MassLive: Mass. congressional delegation urges Secretary of State Mike Pompeo to withdraw rule that would penalize immigrants for using benefits
Massachusetts’ congressional delegation is asking Secretary of State Mike Pompeo to take down a rule that would penalize immigrants for using certain public benefits, weeks after federal courts struck down a similar Department of Homeland Security rule.
Three federal judges on Oct. 11 issued nationwide temporary injunctions on DHS’ “public charge” rule, which would have made immigrants who have ever used food stamps, other public benefits or failed to meet a certain income threshold, ineligible for green cards. The State Department issued its own interim rule on Oct. 11, scheduled to take effect Oct. 15 like the DHS rule was.
The State Department, which oversees U.S. embassies and reviews green card applications worldwide, announced it would postpone implementing its “public charge” rule, but it published a 60-day notice of proposed information collection for the rule, suggesting it will move forward with the rule since the federal injunction only applies to DHS.
In a letter dated Oct. 31, the delegation of 11 lawmakers urged Pompeo to withdraw the rule.
“The 'public charge’ rule has already produced a widespread chilling effect, precipitating disenrollment of immigrants and their children — including U.S. citizen children — from vital healthcare, nutritional assistance, and housing programs for which they are qualified,” the delegation of 11 lawmakers wrote in an Oct. 31 letter to Secretary. “The DOS rule is likely to have a similar chilling effect if implemented as many immigrants who process their visas abroad live in the United States and have U.S. citizen children.”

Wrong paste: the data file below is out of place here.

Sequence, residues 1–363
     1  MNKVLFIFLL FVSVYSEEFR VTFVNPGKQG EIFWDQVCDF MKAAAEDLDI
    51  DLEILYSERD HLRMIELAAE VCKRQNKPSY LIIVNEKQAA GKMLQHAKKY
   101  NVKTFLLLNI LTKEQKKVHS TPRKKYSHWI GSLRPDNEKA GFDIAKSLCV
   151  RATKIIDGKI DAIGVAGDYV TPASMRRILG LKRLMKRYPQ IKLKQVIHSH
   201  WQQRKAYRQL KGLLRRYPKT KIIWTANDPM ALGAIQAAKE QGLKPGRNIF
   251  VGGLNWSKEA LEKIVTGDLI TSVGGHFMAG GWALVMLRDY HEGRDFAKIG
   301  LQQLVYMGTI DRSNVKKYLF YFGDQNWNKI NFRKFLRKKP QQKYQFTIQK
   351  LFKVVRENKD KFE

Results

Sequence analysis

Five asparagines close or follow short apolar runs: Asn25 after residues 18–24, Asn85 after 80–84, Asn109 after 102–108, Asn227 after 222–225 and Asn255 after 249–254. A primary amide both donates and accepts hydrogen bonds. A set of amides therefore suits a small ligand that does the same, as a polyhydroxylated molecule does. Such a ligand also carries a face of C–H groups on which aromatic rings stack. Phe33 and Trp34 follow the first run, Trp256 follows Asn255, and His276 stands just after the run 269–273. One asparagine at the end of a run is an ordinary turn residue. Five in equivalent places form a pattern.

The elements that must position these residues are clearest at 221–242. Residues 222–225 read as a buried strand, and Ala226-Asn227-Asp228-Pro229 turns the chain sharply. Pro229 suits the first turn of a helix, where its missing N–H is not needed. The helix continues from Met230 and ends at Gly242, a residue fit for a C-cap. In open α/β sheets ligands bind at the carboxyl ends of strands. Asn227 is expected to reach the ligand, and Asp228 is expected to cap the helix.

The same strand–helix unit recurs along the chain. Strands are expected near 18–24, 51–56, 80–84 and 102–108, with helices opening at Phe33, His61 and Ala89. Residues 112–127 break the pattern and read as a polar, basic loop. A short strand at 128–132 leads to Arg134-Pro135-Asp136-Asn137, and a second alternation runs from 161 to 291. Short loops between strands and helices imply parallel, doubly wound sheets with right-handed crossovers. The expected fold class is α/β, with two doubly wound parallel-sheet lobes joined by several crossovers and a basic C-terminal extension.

The State Department did not immediately respond to a request for comment Friday.
Federal courts in New York, Washington and Maryland issued nationwide preliminary injunctions on DHS’s “public charge” rule, while courts California and Illinois issued district-specific ones.
Massachusetts was one of 13 states that filed a lawsuit against the “public charge” rule in Washington. U.S. District Judge Rosanna Malouf Peterson said the plaintiffs made a strong case showing that the federal government overstepped its authority.
Peterson wrote that DHS had “not cited any statute, legislative history, or other resource that supports the interpretation that Congress has delegated to DHS the authority to expand the definition of who is inadmissible as a public charge or to define what benefits undermine, rather than to promote, the stated goal of achieving self-sufficiency.”
Under ‘public charge’ rule, thousands of eligible Massachusetts families might shy away from health, food programs
Many Massachusetts residents who will shy away from in public benefits are those who remain eligible for health and nutrition programs under the public charge rule, attorneys and health providers say.
The DHS rule would disqualify green card applicants who had used the Supplemental Nutritional Assistance Program, Section 8 housing and other programs. The rule also would penalize people who are older, have certain medical conditions and earn an income 125% below the federal poverty level. It wouldn’t apply to current green card holders living in the U.S.
The letter states that such a rule from the State Department would impose new income, age and health requirements on people seeking visas and other immigration petitions. As a result, lawmakers wrote, it would create a widespread chilling effect just like the DHS rule.
Lawmakers expressed their concerns and sent a list of questions for the State Department to answer, requesting a response by Nov. 14.